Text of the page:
Fertile friendships between a male dolphin – wissenschaft.de

A friendly factor in reproductive success: In the case of dolphins, males who have many friends and are therefore particularly well integrated into the male alliance system produce the most offspring. This arises from paternity tests and data from long-term monitoring of animals in Australian Shark Bay. Scientists say this once again clarifies the complex meanings of the highly evolved social system of intelligent marine mammals.

Completely different and yet very similar to us: Dolphins’ bodies are adapted to life in the water, but their cognitive abilities and behavior show striking similarities with humans. In addition to their high level of intelligence, this also applies to their complex social behavior, which is characterized by “personal” bonds between animals: marine mammals form very stable and supportive alliances with each other. They communicate using a rich repertoire of sounds that are widespread in the underwater world. Studies show that dolphins use certain sound patterns as “names” to identify each other.

Collaboration for the winners

Many ideas about the habitat and behavior of dolphins come from the Australian Shark Bay. Scientists have been studying a group of Indo-Pacific dolphin (Tursiops aduncus) there for 30 years. Male animals were the focus of their current study. According to a report by the team led by Livia Gerber of the University of Zurich, long-term studies have already documented that male dolphins live in complex social groups where they develop cooperative friendships with other males. The system is characterized by larger alliances of up to 14 individuals that remain quite stable over long periods of time. Within these bands there are also smaller, less symmetrical groups of two or three males.

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Previous investigations have shown that groups and subgroups play a role in winning over mating partners: “male associations” work together to prey on females from other alliances or to fend off similar attempts by other groups. “This kind of male cooperation for reproductive purposes is very unusual in the animal kingdom. Otherwise, it is found only in great apes and here in a much simpler form,” says Livia Gerber. Together with her international colleagues, she has now investigated how the personal network of relationships in male dolphins affects their reproductive success. Biologists have evaluated the behavioral data of 85 males over the past 30 years. They then correlated these findings with the results of paternity tests in Shark Bay, based on the genetic features of more than 400 dolphins.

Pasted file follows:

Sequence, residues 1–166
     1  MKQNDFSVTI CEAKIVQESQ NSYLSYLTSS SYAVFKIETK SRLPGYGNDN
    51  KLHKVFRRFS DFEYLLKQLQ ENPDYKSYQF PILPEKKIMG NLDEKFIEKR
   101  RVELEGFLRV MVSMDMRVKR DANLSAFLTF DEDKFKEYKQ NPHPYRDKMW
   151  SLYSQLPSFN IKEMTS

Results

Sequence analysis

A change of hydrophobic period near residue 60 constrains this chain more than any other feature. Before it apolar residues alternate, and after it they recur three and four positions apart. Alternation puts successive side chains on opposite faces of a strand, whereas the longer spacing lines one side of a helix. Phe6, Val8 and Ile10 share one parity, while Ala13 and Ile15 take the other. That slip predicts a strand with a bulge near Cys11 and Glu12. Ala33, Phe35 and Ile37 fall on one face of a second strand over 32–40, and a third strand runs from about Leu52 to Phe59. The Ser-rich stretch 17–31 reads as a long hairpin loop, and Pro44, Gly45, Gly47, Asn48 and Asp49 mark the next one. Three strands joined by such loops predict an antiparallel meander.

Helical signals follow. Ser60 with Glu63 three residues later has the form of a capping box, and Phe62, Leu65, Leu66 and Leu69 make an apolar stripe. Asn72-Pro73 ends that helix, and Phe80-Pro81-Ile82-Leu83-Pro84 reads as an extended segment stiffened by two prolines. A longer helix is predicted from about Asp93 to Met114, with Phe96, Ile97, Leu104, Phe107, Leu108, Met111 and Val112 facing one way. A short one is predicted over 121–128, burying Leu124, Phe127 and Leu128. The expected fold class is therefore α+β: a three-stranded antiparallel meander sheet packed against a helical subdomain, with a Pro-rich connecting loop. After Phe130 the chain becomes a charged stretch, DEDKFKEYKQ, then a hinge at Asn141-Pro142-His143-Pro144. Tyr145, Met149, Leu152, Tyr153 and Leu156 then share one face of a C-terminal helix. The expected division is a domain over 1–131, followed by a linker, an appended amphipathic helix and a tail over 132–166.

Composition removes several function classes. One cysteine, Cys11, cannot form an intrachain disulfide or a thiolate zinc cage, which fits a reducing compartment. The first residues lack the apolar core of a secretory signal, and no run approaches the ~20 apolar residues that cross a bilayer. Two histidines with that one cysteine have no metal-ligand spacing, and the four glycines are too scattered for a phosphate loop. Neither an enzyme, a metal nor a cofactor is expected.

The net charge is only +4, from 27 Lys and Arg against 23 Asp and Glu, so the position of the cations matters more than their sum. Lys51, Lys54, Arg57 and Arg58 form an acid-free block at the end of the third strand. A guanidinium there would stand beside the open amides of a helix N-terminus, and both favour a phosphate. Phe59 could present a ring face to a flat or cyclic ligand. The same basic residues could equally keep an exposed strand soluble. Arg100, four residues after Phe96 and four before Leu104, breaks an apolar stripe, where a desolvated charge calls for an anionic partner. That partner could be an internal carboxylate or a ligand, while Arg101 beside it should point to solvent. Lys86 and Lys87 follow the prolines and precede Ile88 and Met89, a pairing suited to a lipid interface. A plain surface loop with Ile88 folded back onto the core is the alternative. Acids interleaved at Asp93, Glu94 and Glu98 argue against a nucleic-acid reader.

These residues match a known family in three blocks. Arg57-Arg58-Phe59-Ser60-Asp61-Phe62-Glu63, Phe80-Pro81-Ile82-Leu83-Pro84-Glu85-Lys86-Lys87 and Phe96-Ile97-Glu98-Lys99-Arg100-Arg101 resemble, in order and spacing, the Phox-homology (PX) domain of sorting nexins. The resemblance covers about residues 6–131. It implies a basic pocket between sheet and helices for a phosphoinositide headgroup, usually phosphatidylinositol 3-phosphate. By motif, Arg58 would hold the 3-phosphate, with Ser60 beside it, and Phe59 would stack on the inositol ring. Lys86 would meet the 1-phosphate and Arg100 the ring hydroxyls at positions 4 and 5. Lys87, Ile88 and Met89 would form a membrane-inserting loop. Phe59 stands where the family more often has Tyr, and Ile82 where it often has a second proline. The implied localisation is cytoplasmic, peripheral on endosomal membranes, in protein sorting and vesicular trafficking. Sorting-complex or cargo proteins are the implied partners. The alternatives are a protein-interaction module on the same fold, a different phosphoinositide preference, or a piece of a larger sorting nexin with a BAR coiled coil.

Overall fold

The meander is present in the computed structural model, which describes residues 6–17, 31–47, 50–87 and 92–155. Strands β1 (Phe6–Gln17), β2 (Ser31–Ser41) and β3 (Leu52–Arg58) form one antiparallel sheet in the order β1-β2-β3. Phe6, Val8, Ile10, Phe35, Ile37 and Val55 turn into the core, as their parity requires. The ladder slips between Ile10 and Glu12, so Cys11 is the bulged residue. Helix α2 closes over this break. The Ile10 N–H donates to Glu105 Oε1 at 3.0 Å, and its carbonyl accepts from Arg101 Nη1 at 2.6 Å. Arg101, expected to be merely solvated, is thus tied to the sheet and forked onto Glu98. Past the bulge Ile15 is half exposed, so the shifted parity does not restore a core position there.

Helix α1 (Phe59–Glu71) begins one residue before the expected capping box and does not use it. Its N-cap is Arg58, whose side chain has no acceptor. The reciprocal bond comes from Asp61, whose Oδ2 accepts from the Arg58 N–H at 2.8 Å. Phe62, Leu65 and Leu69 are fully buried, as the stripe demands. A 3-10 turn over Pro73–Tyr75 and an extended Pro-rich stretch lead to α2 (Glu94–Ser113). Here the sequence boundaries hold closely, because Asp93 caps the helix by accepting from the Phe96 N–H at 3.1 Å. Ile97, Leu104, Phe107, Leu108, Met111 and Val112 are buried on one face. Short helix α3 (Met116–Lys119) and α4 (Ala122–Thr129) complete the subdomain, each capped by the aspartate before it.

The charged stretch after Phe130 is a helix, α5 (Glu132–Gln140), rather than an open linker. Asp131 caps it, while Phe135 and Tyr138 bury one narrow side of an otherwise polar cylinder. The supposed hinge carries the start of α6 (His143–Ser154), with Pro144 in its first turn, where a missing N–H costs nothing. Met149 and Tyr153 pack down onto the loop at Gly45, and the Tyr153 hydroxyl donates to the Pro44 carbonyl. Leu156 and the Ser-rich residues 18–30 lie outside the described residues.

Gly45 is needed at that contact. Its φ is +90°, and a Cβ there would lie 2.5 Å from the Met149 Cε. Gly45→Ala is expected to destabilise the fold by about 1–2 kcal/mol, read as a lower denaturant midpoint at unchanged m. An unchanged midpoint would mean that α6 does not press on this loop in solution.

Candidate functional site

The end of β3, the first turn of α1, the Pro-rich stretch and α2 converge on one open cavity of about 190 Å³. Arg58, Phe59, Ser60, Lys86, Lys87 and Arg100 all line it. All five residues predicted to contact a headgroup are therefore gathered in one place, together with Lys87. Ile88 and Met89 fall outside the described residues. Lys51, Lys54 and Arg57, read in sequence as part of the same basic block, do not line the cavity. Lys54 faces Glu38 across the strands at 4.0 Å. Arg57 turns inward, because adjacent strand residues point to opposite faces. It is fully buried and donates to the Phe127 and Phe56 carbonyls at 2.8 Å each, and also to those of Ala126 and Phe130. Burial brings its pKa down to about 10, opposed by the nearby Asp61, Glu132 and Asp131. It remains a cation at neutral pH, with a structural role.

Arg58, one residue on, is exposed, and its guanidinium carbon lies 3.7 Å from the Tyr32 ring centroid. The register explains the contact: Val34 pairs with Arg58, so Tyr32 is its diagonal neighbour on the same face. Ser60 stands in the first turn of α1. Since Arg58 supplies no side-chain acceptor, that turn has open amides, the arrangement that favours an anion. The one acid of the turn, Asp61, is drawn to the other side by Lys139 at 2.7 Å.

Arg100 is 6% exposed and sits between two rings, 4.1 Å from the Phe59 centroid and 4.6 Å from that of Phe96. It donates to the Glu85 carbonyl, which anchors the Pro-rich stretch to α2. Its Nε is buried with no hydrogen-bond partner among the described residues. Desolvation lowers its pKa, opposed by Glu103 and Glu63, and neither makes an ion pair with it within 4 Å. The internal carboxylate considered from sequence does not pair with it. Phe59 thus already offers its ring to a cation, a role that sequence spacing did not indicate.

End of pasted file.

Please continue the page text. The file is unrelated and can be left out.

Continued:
Many friends – many grandchildren

As they report, evaluations have shown that males who are particularly popular – and have extensive relationships with as many friends as possible – have the greatest reproductive success. In detail, it shows that the size of the circle of friends and the desire to socialize are more important. The researchers report that partner loyalty within smaller groups of two or three variables is not reflected in reproductive success. “We have now shown for the first time that strong friendships between male dolphins have a direct impact on their evolutionary fitness. Something similar was previously known only in male chimpanzees,” says senior author Michael Crutzen.

As the researchers explained, different aspects can contribute to the greater crossbreeding success of good networkers. Social bonds can extend life expectancy and also have a positive effect on health and thus contribute to the lifelong reproductive success of male dolphins. However, according to the researchers, the deciding factor is probably something else: “Well-integrated males are likely to benefit from the advantages of better cooperation, and thus have easier access to resources such as food or mating partners. In addition, they are more resistant to partner loss. Other species have fewer but closer partners,” says Gerber.

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As she and her colleagues emphasize, the results are an important contribution to the study of the behavior of highly evolved animals. Because the effect of cooperation between social partners on the number of offspring has not been investigated so far. “Our study extends previous knowledge of land-dwelling mammals and impressively shows that – apart from this evolution – social systems with very complex, multi-level interactions also emerged in the sea,” says Crutzen.

Source: University of Zurich, specialized article: Current Biology, doi: 10.1016/j.cub.2022.03.027

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